Scientific English as a Foreign Language
Answers to Lesson of April 4, 1998
Colons and Semicolons

Colons (:) are used to indicate the beginning of a list. Use two spaces after a colon.

You could present the same information in the following way.

In the latter example, no colon was used. In the former, I used a colon as a way of saying "Attention! Here comes the list!" The information after the colon is specific. The phrase before the colon prepares you for the list. The latter example has the same information content as the former. There is more emphasis on what the list items are if a colon is used.

Last week, I said

"Do not use commas to join two independent clauses; semicolons (;) or periods are preferred.

There is one other situation in which to use semicolons. If you have a long list where each item is composed of several different things, then separate the items with semicolons.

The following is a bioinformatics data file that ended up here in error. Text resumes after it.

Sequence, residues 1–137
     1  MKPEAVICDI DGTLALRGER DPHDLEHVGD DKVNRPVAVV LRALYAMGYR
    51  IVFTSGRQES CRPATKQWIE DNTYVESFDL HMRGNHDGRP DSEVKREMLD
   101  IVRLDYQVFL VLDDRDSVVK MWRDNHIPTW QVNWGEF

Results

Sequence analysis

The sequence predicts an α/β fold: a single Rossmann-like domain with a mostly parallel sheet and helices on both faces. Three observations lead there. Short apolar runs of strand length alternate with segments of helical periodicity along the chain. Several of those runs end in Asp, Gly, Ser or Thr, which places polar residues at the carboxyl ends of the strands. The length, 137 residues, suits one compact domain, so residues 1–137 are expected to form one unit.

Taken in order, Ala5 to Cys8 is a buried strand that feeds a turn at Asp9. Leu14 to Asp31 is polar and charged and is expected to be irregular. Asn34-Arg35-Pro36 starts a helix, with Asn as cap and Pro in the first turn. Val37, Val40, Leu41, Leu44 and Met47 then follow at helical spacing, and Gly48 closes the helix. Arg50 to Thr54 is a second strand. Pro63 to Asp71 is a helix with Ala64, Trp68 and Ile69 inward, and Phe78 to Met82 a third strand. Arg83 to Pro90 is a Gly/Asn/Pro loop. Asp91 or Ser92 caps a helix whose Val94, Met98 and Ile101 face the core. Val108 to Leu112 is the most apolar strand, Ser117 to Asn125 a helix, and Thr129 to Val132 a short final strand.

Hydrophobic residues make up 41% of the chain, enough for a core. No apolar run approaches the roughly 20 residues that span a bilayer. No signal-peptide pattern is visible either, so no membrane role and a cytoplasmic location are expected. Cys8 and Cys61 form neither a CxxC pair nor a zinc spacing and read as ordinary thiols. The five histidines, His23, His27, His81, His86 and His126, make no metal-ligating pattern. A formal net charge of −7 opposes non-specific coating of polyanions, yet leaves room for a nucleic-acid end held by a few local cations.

Scientists frequently use colons and semicolons in figure captions.

Punctuate the following using commas, semicolons, or colons. Optional punctuation is indicated by parentheses.

1. Eat, and drink this tea.
2. Listen, and write an essay.
3. Do the experiment(,) and write a paper.
4. Do the experiment; write a paper.
5. We used the following approach:  we first laid the DNA on the substrate and let it dry; then we used an AFM to image the DNA and determine its conformation; the image was then used to generate data; and(,) finally(,) the Flory exponent was determined.
6. I need three items:  methanol, acetone, and distilled water.

If the label on the cable on the table at your house
Says the network is connected to the button on the mouse,
But your packets want to tunnel on another protocol,
That's repeatedly rejected by the printer down the hall,
And your screen is all distorted by the side affects of Gauss,
So your icons in the windows are so wavy as a souse,
Then you may as well reboot and go out with a bang,
'Cause as sure as I'm a poet, the sucker's gonna hang!

-author unknown

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Created 30 April 1998, by Nancy Burnham and Fred Hutson.